Approach to the management of Venous thromboembolism

Step 1 :Confirm PTE or DVT diagnosis

Step 2: Look for contraindications for full dose anticoagulation. If contraindications exist then insert IVC filter.

Step 3 : If no contraindication then look for impending venous gangrene (in case of DVT) or cardiopulmonary collapse (cardiogenic shock/ RV dysfunction in case of PTE). If yes then start thrombolysis

Thrombolysis for DVT:

Indications : Impending venous gangrene, symptom duration < 14 days and low risk of bleeding

Mode : a)Catheter directed thrombolysis (CDT) : Fluroscopy guided placement of multiside holed catheter (pigtail) into the thrombus segment and infusing alteplase for 1-3 days at a rate of 0.5 mg to 3 mg/hour (50 mg diluted in 50 ml of NS). CDT is superior to systemic anticoagulation alone because of reduced post thrombotic syndrome and reduced bleeding complications

b)Pharmacomechanical Catheter directed thrombolysis (PCDT)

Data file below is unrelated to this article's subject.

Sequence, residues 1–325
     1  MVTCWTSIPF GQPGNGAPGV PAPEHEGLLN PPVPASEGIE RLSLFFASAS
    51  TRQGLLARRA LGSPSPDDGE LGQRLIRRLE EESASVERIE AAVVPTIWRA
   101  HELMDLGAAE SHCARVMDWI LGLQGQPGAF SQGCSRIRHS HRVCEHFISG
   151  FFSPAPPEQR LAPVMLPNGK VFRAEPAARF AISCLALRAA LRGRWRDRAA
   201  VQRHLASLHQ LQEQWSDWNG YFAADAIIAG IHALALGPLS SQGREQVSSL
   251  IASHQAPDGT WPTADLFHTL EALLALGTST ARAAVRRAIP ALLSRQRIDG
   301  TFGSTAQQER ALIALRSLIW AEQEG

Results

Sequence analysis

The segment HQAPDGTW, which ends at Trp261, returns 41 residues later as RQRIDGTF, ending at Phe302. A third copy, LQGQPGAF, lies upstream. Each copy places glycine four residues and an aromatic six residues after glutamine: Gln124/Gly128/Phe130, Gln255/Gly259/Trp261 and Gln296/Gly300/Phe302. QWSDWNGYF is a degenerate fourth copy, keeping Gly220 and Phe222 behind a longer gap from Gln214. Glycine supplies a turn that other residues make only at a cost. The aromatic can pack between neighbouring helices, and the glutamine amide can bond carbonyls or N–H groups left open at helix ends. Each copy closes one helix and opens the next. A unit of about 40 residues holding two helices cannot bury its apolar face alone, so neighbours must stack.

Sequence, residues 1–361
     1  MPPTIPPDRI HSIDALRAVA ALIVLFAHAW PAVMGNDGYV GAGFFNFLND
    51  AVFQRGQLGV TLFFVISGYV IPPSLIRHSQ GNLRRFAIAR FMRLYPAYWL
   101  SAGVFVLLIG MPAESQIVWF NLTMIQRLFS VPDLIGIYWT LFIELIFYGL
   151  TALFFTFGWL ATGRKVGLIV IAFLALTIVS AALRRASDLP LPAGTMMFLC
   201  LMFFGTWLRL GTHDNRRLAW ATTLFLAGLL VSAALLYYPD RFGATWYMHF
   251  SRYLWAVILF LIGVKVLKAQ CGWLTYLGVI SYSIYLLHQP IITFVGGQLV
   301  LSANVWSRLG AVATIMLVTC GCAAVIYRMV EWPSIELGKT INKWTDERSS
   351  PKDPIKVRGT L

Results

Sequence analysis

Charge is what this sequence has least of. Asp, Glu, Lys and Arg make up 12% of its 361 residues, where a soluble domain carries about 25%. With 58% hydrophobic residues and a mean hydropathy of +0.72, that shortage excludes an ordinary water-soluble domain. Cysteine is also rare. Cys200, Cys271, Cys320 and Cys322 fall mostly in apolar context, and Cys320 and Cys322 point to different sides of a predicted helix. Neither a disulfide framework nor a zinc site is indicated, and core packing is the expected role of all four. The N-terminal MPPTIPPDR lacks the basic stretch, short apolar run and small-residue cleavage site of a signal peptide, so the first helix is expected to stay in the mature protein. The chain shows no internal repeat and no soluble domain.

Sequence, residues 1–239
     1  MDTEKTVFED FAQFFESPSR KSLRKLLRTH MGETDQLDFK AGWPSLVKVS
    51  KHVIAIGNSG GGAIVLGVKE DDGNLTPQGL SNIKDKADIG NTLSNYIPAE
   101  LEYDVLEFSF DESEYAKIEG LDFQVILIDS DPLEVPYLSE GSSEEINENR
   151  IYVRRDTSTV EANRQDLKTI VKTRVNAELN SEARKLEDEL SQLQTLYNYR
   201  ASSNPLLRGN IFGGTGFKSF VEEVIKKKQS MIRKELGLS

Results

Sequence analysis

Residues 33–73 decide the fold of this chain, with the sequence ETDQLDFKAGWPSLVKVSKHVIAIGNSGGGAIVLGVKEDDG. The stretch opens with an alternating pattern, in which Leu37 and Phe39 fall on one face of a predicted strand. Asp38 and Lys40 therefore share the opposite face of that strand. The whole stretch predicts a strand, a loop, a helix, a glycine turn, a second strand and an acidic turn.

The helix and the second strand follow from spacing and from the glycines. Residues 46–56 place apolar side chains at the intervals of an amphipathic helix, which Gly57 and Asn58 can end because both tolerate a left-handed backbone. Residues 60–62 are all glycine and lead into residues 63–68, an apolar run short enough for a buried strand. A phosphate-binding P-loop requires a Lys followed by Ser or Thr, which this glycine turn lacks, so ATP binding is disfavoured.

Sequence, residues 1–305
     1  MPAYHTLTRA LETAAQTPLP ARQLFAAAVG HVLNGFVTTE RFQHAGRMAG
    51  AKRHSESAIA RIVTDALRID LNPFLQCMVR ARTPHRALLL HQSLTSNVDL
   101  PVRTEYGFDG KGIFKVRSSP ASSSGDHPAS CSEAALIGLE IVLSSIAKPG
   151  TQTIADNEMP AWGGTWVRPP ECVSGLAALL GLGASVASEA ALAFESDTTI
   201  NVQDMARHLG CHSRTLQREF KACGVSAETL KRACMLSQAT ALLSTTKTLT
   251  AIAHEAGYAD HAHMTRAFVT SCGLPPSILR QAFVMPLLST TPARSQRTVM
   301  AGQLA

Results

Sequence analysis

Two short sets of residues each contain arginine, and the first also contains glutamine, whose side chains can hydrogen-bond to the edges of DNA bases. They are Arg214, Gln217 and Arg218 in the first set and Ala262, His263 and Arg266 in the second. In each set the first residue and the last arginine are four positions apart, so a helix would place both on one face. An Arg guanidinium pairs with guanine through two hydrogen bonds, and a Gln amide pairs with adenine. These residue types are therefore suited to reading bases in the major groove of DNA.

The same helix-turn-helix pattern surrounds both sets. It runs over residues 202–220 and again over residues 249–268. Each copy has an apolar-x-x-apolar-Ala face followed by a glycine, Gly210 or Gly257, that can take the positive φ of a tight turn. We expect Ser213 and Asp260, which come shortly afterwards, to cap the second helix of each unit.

PCDT uses either the “Power Pulse” or “isolated thrombolysis” techniques. Power Pulse employs the AngioJet rheolytic thrombectomy system (Bayer, Warrendale, PA) to deliver and disperse the thrombolytic agent by a powerful pulse-spray injection. After bathing the clot in the thrombolytic agent, the AngioJet catheter aspirates the softened thrombus fragments. Isolated thrombolysis uses the Trellis peripheral infusion system (Covidien, Mansfield, MA) to deliver the thrombolytic agent directly into the clot. The agent is then circulated within the clot by an oscillating wire.

Advantage of PCDT over CDT : Reduced dose and infusion duration of alteplase thereby reducing bleeding complications and better efficacy

Thrombolysis for PTE :

For PTE there is insufficient evidence to recommend thrombolysis via a pulmonary artery catheter rather than systemic thrombolysis